How physical did you have to get, say, in the whipping scenes at the hands of Master Epps, played by Michael Fassbender? [Editor's note: This is a movie about slavery, yes, there is whipping, and, no, that’s not a spoiler.] I’m assuming you weren’t actually touched, but your reactions were so spot-on —
It’s all about the crack of the whip. You hear it. And you feel it. I felt the wind of it every single time. I didn’t need much more. That was one technical thing, and definitely it took some finessing because obviously I can’t see what’s happening. I can’t see the whip. I can only react to the sound and the wind of it, yeah? So it was hard, but that day was as real as it could have possibly been for me, because in preparing for it, all I could do was be present. That was a quality of Patsey that Steve captured in the script. He said that she was “effortlessly sensual,” and I found this quote from James Baldwin, who described sensuality as being — he said, “To be sensual, I think, is to rejoice in the force of life itself and to be present in everything one does from the effort of loving to the breaking of bread.” And so Patsey was present, and that’s what made her so sensual.

And made her threatening to Master Epps’s wife, played by Sarah Paulson.
And threatened his wife, of course. Obviously it’s what intrigued and attracted Master Epps. And she had to be present because he was so volatile. I mean, Patsey was raised on that plantation. She was born on another plantation, but she was brought there as a little girl and she was in the house to begin.

Is that backstory in the movie?
No, it’s in the book, in [Solomon Northup’s] autobiography. She was in the house and a favorite of the mistress, until she grew old enough and Master Epps started to take a liking to her and then the mistress had her sent out into the fields. These are people she’s [lived with and is] traumatically bonded with. It’s kind of like a Stockholm Syndrome.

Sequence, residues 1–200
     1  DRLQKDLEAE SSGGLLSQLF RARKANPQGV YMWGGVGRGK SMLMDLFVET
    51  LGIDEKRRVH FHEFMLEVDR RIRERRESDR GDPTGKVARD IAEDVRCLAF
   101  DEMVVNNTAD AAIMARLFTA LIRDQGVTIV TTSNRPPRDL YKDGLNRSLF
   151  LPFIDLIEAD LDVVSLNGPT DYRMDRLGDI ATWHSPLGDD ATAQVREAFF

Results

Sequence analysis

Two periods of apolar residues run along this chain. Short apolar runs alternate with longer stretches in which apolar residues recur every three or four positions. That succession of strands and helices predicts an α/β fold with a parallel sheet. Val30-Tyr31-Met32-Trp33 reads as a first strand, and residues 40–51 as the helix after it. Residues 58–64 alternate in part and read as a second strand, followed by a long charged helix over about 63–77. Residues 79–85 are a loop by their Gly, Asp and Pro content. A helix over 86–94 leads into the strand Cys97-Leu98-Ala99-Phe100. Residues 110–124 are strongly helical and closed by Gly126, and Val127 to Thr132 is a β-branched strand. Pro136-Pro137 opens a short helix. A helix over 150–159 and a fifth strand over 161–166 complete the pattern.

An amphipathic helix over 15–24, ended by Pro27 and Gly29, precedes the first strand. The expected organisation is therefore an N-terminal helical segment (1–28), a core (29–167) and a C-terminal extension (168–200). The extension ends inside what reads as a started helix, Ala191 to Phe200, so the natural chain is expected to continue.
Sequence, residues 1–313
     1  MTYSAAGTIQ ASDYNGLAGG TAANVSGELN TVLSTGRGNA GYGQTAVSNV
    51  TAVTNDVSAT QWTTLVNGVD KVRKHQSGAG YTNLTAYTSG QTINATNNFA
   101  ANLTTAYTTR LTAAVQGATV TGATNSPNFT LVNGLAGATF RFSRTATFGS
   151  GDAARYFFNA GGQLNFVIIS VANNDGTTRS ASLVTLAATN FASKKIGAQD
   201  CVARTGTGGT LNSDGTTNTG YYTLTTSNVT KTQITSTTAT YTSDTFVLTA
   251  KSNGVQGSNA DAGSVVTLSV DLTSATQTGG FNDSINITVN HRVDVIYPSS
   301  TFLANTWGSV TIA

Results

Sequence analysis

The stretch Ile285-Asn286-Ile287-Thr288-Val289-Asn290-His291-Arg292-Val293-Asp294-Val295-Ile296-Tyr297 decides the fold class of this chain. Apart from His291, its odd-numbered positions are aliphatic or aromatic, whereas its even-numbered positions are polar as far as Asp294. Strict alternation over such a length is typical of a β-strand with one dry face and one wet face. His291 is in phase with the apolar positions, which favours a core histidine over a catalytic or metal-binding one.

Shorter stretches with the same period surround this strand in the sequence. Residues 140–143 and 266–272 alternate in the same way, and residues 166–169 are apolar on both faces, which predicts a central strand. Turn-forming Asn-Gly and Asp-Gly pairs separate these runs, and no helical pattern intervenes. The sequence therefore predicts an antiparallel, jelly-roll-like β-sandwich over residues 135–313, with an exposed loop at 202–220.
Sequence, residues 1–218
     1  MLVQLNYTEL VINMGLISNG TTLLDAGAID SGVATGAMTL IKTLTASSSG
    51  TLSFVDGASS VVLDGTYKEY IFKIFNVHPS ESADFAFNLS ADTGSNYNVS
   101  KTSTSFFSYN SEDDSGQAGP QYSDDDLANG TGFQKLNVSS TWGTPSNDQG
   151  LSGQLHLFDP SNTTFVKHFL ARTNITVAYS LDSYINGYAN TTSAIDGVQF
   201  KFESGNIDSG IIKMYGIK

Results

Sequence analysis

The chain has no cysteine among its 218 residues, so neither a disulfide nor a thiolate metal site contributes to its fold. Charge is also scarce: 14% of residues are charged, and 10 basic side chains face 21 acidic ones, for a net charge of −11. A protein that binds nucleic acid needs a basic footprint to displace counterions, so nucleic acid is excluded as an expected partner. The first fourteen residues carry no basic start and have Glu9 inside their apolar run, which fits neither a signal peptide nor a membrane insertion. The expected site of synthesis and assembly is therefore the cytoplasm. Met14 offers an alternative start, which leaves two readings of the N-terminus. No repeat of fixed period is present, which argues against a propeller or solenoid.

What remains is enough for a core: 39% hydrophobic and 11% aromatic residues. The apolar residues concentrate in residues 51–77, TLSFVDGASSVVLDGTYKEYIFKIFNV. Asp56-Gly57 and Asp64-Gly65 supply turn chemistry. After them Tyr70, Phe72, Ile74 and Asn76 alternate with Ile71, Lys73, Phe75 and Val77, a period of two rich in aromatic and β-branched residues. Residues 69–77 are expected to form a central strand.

Patsey has a very fraught and intense relationship with Master Epps. Did you and Fassbender have to avoid each other on set so as not to be too friendly?
When I was working on this, I would spend time on my own on set just getting into the zone, listening to music. Just observe. But we had a very loving relationship and before we’d do the scenes, me and Michael would make nice. I remember before we did the scene in which he [does something really horrible … avoiding spoilers!], we went up to each other and we didn’t say anything and we just gave each other a look and maybe we hugged and then we did the scene and we hugged after that. That was important to have, those buttons of we’re going in and we’re going out.

You’re Kenyan, Steve and Chiwetel are British, Michael is Irish. Is there something important about non-Americans telling this very American story?
I think that’s something that people can assess and analyze from the outside. Really, I think it’s a coincidence, and really, it’s a question better suited to Steve. But I think America isn’t really made of many of Americans, is it? And our jobs as actors is to lend ourselves to things that are not of ourselves. I’m just so happy and privileged and honored to have been able to tell this American story.

Photo: Alberto E. Rodriguez/Getty